Stages in the entry, growth, movement, and spread of Listeria from onemacrophage to another. Photographs illustrating all these intermediate stages have beenpresented in the figures in Tilney and Portnoy (1989). With copyright agreement fromRockefeller University Press.
© Copyright Policy - creative-commons
Related In: Results  -  Collection

Show All Figures
getmorefigures.php?uid=PMC3376002&req=5

Figure 1: Stages in the entry, growth, movement, and spread of Listeria from onemacrophage to another. Photographs illustrating all these intermediate stages have beenpresented in the figures in Tilney and Portnoy (1989). With copyright agreement fromRockefeller University Press.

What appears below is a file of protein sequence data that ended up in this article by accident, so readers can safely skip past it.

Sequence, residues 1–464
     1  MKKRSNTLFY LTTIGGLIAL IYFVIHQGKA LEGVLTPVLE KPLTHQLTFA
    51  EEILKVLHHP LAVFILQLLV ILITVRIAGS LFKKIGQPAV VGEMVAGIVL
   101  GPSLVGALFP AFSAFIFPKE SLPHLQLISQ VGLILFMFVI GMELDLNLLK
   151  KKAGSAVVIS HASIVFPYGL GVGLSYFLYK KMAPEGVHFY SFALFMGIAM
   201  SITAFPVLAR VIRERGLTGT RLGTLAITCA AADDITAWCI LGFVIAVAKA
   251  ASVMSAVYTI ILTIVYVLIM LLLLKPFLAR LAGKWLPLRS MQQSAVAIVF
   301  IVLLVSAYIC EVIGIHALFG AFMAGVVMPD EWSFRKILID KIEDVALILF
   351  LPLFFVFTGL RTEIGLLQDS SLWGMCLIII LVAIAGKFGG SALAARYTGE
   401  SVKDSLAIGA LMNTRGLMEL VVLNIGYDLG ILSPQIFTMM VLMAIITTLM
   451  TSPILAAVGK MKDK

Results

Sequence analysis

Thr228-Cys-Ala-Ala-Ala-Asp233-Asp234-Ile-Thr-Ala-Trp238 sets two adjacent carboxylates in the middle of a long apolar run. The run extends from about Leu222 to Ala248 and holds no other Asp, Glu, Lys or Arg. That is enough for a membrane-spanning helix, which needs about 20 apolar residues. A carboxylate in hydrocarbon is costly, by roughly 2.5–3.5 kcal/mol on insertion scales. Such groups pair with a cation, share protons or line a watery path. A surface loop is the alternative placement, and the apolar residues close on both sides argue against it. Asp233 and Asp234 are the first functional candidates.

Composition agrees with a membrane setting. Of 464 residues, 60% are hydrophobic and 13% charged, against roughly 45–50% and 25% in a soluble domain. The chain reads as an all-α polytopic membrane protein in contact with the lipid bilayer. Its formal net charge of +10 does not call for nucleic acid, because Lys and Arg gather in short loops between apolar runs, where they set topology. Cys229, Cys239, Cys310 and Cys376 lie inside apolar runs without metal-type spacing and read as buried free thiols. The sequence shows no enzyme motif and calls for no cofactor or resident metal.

Mentions: However, we were unable to determine the spatial relationship of the actin filaments to thebacteria since we had scraped the infected cells from the dish. Lew decided that we should doa time course and fix in situ on plastic tissue culture-treated Petri dishes. Again, I laiddown cells on Monday and brought him the fixed samples on Tuesday. Most of the figures inTilney and Portnoy were derived from this experiment, and here he coined the term“comet tails.” In subsequent experiments, we verified that the filaments wereactin and examined their polarity by staining with the S1 fragment of myosin. The resultsexcited me, but I did not appreciate the big picture until Lew sent me a draft of a manuscriptfrom Woods Hole during winter break. Of importance, he had an artist draw a cartoon derivedfrom the micrographs (Figure 1). This figure eventuallylanded in many textbooks of microbiology and cell biology and seems to be used during theintroduction to almost every Listeria seminar. The impact of this figurecannot be overestimated.